Life After Debt: 4 Ways to Survive and Recover From Your Financial Ruin

It can be surprisingly easy to fall in to debt, and some experts in Canada suggest that many Canadians are only one pay cheque away from slipping into the debt pit. In part, that’s because most people make only modest incomes and use credit and monthly payment plans to stretch their income. When misfortune causes an income to drop—divorce, loss of work, illness and many other factors—a person can quickly become overwhelmed and fall behind in their payments.

Embarrassment, confusion, or hope that changing fortune is just around the corner can keep someone from seeking out professional help and support for their problem. But there is help, and a wide variety of options that a person facing money challenges can use to get them out of debt and on the road to financial recovery.

1. Signs of financial mismanagement

There are many indicators that someone might be heading towards financial difficulty. The first indicator might just be lack of a financial plan. Without a plan of saving, monitoring credit cards and credit purchases, ensuring that mortgages, rents and other spending are within reasonable financial limits can lead to financial misfortune.

If a person is hiding their spending from their partner, uses credit cards and other forms of credit to make most of their purchases, they may be heading for trouble. As well, if payments are not made on time, missed altogether, or if a person is receiving calls from agencies attempting to collect on missed payments, there’s a financial problem in the works. But there’s lots of help, and it does not always been filing for bankruptcy.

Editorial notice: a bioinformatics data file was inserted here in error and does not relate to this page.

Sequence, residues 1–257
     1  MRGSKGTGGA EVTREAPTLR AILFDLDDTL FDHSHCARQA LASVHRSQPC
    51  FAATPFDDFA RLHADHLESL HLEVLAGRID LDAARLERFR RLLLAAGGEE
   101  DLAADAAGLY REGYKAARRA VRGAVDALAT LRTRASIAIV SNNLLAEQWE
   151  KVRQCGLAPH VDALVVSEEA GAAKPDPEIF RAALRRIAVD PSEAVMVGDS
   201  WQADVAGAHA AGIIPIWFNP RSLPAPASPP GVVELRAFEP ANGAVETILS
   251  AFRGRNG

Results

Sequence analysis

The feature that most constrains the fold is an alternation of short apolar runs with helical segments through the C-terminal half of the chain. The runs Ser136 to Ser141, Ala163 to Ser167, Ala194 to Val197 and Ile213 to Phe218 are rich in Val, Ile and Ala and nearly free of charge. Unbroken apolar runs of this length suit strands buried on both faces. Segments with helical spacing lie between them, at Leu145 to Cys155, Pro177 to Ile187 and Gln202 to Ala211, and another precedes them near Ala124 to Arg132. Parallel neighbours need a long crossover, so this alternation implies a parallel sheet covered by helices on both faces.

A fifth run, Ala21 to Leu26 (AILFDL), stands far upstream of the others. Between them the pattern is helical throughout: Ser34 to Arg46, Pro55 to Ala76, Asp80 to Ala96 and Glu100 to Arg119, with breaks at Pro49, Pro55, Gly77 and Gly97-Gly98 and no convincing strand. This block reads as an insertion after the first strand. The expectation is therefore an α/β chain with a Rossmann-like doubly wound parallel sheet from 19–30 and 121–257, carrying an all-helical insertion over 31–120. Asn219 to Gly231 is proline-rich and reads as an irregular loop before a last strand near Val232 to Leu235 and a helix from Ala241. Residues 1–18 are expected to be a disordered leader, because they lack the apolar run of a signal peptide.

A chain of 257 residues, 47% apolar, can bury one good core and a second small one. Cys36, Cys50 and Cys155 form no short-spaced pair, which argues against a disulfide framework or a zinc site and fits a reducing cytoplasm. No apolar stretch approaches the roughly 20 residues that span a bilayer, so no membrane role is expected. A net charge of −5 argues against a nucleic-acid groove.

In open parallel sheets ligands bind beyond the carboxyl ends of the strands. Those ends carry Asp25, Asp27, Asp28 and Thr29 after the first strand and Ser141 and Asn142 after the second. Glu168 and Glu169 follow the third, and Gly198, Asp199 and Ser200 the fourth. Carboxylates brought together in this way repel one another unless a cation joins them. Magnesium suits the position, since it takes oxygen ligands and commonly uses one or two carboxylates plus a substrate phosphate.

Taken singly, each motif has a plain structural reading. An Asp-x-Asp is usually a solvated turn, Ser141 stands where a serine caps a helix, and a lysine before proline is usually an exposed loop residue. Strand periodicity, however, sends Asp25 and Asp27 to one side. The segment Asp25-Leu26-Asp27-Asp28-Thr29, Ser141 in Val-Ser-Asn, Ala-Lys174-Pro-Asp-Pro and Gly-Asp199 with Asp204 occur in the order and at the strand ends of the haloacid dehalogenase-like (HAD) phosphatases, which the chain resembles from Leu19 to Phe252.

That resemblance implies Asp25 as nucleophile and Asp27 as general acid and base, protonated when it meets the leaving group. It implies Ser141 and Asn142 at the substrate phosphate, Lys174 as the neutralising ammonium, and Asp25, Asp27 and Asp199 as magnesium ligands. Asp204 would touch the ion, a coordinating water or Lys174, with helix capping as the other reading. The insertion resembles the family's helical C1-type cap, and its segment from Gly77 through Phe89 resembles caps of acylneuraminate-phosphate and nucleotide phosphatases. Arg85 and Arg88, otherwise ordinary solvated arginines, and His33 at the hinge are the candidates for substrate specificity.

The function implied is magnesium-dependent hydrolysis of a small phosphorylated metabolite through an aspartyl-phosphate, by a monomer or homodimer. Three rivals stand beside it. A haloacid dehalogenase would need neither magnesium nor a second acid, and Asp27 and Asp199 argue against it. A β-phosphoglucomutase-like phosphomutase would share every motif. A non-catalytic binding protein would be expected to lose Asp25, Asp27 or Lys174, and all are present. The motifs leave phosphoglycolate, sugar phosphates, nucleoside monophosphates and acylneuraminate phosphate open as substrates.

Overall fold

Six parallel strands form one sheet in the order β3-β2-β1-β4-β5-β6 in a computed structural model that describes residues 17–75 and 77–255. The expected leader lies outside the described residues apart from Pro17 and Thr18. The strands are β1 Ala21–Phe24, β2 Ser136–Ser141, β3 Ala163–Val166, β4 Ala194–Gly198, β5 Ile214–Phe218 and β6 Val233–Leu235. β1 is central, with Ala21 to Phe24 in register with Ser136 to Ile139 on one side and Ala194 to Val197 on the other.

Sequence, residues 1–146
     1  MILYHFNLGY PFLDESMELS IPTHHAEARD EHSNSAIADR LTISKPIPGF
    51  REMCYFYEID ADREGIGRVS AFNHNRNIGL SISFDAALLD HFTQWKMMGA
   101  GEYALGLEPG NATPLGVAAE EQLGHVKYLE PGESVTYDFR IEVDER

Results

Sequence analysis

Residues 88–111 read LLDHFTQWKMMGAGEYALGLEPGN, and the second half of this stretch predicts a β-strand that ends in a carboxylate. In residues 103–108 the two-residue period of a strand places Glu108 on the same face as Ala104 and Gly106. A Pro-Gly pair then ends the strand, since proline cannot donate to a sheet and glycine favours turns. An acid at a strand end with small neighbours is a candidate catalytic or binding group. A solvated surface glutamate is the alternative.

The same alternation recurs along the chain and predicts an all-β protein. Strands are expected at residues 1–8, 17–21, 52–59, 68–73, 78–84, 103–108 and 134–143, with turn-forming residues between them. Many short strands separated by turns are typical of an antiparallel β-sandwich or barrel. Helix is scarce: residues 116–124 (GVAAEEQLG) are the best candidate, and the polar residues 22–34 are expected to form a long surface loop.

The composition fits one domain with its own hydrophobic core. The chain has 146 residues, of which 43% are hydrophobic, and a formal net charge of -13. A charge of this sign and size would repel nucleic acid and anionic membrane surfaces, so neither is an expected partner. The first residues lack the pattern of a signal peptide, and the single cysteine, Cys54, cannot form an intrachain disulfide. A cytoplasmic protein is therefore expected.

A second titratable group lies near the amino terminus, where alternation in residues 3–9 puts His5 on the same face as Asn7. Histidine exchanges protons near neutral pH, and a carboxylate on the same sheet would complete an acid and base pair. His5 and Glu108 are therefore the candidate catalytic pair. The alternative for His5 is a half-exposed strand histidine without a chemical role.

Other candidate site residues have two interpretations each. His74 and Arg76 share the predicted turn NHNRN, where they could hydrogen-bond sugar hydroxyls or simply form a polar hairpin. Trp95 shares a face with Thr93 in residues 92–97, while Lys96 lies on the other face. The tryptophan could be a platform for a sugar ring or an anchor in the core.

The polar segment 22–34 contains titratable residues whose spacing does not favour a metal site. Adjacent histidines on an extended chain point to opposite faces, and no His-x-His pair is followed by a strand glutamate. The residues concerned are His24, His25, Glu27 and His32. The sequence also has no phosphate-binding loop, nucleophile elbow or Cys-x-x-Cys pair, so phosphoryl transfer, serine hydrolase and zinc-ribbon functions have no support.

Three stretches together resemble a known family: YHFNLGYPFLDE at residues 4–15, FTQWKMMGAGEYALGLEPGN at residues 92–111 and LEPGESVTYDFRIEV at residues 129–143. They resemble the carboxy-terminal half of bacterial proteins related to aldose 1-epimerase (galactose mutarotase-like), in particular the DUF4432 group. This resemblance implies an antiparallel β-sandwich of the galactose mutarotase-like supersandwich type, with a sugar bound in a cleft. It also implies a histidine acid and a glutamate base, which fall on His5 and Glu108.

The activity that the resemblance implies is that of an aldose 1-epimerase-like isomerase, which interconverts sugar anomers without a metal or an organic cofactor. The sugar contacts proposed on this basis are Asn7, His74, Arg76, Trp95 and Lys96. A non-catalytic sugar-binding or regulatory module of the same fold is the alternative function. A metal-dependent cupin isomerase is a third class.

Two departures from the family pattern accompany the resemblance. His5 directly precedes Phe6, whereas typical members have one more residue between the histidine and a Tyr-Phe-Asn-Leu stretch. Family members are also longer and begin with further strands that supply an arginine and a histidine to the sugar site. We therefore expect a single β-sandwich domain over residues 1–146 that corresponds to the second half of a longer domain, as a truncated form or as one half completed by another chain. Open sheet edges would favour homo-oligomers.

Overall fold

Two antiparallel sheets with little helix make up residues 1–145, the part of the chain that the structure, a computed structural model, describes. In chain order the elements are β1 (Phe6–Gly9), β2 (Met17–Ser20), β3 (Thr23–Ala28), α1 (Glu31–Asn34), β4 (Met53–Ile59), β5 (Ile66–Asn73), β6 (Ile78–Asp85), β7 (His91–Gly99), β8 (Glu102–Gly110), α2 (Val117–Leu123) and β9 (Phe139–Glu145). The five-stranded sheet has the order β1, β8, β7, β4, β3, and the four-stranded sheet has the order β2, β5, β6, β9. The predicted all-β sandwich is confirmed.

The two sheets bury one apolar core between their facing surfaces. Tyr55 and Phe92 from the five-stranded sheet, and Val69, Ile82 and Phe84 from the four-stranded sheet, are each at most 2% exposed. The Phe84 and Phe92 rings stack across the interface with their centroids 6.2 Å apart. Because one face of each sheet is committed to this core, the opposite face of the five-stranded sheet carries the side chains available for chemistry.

2. Financial counsellors can help make a recovery plan

Many financial counsellors offer their services to people facing money troubles for free. The financial counsellor works as an independent advisor and mediator between the person who is struggling and their debtors. Often a repayment plan can be reached, sometimes at a reduced amount of the total debt, for the person.

These debt counselling services and plans can be only a few months long or they can be spread out over several years, depending on the amount of money that is outstanding and the person’s current financial situation.

3. Managing credit in the future

Often, an individual who has credit challenges can begin to recover in quick order, once a repayment plan is in place. The trick is to stick to the financial recover plan and to keep it in place even once the debt is repaid. It can be all too easy to fall back in to ways that lead once again to financial hot water.

4. Checking your credit rating

A credit rating is a score out of 800 that measures an individual’s capacity to carry and repay debt. It is an important number that influences just how much money one person can borrow and even whether or not a bank will float a mortgage for a home, business or other purpose. It is easy today to get this number, and many times, a person can get it free via online services. Any number above 700 reflects good credit. A range of credit types such as lines of credit, mortgages, vehicle loans, credit cards and other forms of credit combine to give a person their number.

This number and the accompanying information that credit reporting agencies collect should be checked at least once a year. It is not at all unusual for mistakes to be made. These errors should be corrected immediately to ensure an accurate credit number.

Getting in to financial trouble can happen quickly. So, too, though, can recovering from it.

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